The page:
A comparative study of cytochrome P450-dependent drug metabolism in man and rat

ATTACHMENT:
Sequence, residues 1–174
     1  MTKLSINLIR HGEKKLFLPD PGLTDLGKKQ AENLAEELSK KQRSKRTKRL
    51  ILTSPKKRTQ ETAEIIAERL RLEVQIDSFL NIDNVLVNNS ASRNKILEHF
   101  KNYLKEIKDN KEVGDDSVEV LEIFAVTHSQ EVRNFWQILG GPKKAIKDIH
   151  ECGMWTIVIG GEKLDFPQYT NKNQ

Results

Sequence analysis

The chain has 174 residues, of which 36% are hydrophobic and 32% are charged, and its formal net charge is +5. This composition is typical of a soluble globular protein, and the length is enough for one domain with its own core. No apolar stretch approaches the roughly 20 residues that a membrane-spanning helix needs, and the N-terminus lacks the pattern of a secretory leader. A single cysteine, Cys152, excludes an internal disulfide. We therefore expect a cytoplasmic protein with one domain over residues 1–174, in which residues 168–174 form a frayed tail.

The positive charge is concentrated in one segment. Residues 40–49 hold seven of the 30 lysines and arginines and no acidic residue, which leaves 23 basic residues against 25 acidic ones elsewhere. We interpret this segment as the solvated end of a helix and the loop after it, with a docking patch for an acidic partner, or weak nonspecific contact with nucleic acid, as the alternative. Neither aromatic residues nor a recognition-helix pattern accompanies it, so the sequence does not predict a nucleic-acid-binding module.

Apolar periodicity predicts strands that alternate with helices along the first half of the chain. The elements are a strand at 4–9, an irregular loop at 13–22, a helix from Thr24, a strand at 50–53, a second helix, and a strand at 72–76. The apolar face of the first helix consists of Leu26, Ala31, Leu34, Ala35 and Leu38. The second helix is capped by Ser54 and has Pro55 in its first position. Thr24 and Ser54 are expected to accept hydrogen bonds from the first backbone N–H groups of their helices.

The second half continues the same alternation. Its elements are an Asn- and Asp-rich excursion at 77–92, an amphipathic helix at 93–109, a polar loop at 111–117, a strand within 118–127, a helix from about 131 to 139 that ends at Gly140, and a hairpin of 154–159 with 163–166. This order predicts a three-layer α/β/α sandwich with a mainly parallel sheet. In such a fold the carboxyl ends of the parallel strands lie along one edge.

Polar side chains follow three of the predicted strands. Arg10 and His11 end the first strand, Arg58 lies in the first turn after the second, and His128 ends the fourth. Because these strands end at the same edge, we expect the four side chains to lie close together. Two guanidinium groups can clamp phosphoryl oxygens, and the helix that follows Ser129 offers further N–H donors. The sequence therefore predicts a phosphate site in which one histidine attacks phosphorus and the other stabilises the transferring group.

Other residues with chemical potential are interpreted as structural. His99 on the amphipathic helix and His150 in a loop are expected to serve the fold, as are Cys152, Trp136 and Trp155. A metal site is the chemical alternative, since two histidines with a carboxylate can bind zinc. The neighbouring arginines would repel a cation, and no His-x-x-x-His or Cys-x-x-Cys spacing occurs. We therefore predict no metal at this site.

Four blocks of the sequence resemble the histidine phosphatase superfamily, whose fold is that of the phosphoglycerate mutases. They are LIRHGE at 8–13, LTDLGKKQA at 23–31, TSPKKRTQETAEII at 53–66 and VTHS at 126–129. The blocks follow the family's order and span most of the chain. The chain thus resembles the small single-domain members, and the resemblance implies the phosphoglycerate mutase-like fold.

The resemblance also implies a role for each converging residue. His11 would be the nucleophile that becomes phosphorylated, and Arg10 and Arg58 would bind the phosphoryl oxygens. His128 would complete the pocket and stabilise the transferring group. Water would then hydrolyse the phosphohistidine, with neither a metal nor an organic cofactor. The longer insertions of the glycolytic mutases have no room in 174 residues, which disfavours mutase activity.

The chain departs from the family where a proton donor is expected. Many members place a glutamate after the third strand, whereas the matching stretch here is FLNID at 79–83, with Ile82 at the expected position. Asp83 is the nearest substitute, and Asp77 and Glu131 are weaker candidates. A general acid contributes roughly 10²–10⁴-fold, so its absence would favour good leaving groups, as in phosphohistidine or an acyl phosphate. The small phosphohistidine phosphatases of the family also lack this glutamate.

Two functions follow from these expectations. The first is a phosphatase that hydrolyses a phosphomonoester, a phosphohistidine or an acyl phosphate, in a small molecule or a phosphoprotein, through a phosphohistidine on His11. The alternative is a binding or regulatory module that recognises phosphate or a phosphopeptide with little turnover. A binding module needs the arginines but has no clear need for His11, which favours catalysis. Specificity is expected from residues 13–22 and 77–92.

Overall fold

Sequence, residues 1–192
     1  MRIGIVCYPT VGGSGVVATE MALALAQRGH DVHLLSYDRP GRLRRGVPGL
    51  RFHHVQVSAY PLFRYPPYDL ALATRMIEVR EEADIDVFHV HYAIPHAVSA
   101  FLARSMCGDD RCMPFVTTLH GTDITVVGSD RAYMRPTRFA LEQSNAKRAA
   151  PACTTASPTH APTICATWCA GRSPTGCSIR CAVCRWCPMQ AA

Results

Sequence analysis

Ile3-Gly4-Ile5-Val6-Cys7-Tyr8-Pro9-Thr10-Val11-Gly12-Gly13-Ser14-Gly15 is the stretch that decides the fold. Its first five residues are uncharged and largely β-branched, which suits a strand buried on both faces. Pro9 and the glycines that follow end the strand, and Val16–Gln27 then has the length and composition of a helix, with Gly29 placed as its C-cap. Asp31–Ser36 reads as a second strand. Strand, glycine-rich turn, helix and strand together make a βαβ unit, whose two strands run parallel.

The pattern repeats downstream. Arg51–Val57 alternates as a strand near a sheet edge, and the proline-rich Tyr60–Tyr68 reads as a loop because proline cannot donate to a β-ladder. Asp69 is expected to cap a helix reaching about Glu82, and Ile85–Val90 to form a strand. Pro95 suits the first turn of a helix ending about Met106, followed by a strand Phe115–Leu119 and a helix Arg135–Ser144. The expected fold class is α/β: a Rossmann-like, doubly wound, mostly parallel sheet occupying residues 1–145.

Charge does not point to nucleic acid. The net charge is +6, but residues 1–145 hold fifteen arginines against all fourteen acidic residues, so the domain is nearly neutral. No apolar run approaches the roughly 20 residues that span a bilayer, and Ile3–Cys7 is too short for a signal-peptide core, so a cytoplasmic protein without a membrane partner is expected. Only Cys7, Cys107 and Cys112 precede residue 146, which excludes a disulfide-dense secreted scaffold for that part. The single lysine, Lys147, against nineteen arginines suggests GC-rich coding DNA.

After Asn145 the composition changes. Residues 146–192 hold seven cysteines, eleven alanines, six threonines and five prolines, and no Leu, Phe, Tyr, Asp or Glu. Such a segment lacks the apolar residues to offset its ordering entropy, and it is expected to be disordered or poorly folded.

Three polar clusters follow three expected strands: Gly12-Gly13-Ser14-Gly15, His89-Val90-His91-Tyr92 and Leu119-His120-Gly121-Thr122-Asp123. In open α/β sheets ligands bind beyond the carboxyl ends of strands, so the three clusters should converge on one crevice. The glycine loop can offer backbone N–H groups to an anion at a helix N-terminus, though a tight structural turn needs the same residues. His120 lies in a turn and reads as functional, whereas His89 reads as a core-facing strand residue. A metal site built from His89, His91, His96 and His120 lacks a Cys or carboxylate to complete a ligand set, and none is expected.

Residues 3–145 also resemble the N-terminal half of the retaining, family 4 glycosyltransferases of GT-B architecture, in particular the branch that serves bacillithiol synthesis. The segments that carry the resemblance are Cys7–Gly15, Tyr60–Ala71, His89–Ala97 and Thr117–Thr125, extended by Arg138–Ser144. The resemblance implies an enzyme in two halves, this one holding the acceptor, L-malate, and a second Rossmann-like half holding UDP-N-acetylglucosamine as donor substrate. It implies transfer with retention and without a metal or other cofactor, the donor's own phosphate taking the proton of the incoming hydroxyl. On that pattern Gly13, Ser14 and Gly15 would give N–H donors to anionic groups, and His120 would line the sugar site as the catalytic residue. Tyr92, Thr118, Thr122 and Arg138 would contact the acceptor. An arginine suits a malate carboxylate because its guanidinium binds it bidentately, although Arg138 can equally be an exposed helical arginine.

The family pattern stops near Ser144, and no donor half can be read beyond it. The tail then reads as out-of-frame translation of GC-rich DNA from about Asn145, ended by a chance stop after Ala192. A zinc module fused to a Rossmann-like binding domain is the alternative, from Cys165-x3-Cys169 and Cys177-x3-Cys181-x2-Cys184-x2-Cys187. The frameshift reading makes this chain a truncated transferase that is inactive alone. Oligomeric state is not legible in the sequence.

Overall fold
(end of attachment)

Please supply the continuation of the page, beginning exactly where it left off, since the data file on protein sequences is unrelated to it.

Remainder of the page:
Cytochrome P450, the terminal oxidase of the mixed function oxidase system which metabolises a wide variety of drugs, occurs as a multigene superfamily of different forms. The role of P450 in drug metabolism has been extensively studied in several animal species and, to a lesser extent, in man. This has provided some insights into the catalytic functions, substrate specificities and multiplicity of P450. However, there are large species differences in drug metabolism and in most cases it is not known which forms of P450 specifically metabolise the drugs in the species involved, nor to what extent species differences in oxidative drug metabolism are due to species differences in P450 specificity. The broad aim of this project was to consider the extent to which differences in the functional specificities of rat and human P450 forms determine species diffferences in drug metabolism. The main objective was to study the metabolism of a drug, 2-(4-t-butylcyclohexyl)-3-hydroxy-1,4-naphthoquinone (58C80), manufactured by the Wellcome Foundation Ltd., Beckenham, Kent), which shows a large difference in metabolism between rat and man, and to identify and characterise the cytochrome P450 forms responsible for 58C80 metabolism in man and rat. The marked species differences which have been observed in the metabolism of 58C80 in vivo also occur in vitro , suggesting that there is a fundamental species-differences in the enzyme(s) which metabolise this drug. In man in vivo , more than 85&'37 of 58C80 adsorbed from a single oral dose is hydroxylated at the t-butyl moiety, whereas less than 2&'37 is metabolised by this route in the rat. The t-butyl-hydroxylation is typical of a P450-mediated reaction and was, therefore, assumed to be catalysed by P450, although there was no a priori direct evidence for this. By monitoring 58C80 hydroxylase activity throughout each stage of purification, a highly purified form of human P450 was isolated from human liver microsomes (designated P450hB) which catalysed the hydroxylation of 58C80. Based on its N-terminal sequence and its absorption spectrum, P450hB was identified as a member of the human IIC gene family. A polyclonal antibody was raised to P450hB and shown to extensively inhibit 58C80 hydroxylase activity in human liver microsomes, whereas the antibodies raised to other human or rat P450 forms were not inhibitory. P450hB was thereby identified as being the main form of P450 responsible for 58C80 hydroxylation in human liver microsomes. Polyclonal antibodies raised to human P450hB and to the various rat P450 forms purified in this project were used as inhibitors to identify the form of P450 responsible for 58C80 metabolism in the rat. The results indicated that in the rat, 58C80 hydroxylation was catalysed mainly by a form of P450 belonging to the steroid-inducible P450IIIA gene family. Thus, the difference in 58C80 metabolism between man and rat appears to be due to the involvement of members of entirely different P450 gene families in the two species respectively.